SEIA Report: How The U.S. Military Benefits From Solar

Posted by SI Staff on May 17, 2013 No Comments
Categories : New & Noteworthy

The Solar Energy Industries Association (SEIA) has released a report detailing how solar technologies are helping the U.S. military meet many of its critical functions – from security and battlefield readiness to cost savings and efficiency.

According to the report, as of early 2013, there are more than 130 MW of solar photovoltaic energy systems powering Navy, Army and Air Force bases in at least 31 states and the District of Columbia.

"Solar clearly is making a big difference – both on the front lines and in military installations from North Carolina to Hawaii. Many of the technologies being used by the military today have been adapted for use from consumer products," says Rhone Resch, SEIA president and CEO.

In Afghanistan, for instance, U.S. troops in battle zones are using everything from portable solar panels to solar tent shields to cutting-edge, solar-powered security systems to help them successfully carry out missions, SEIA says.

In recent years, the Pentagon has become increasingly concerned about an overdependence on fossil fuels. According to the report, the military buys gas for just over $1 a gallon, but getting that gasoline to forward bases in Afghanistan costs more than $400 per gallon.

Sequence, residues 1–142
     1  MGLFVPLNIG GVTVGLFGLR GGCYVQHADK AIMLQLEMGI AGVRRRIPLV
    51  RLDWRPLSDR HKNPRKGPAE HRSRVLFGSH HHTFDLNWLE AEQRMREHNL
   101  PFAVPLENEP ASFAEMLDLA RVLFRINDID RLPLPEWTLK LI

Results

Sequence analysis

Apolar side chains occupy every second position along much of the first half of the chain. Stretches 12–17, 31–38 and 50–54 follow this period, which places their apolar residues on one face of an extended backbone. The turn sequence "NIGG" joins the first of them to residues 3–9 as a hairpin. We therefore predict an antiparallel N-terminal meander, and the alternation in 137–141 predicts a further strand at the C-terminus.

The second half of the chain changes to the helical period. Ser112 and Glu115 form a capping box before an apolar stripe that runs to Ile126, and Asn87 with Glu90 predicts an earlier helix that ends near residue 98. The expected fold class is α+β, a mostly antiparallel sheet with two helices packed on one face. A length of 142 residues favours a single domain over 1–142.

By utilizing more solar energy, military leaders say they are not only saving money, but also potentially saving lives, since solar is helping to reduce the number of truck convoys needed to transport fuel, which are frequently the targets of attacks by insurgents or improvised explosive devices. The report says there have been more than 3,300 U.S. casualties as a result of attacks on fuel convoys over the past decade.

"Today, the Defense Department is one of the largest institutional users of solar energy in the world," Resch adds." After using solar energy on military bases and in the field, many returning servicemen and servicewomen are finding great career opportunities at solar firms, which have been actively recruiting veterans. Many other veterans have started firms of their own."

In addition to the technology's operational uses, the report says solar energy is helping the U.S. Department of Defense (DOD) to rein in its massive energy bills. As the largest energy consumer in the world, the DOD faces a $20 billion energy bill each year. In response to increasing energy needs and shrinking budgets, the DOD has committed to meet 25% of its energy needs with renewable energy by 2025, SEIA notes.

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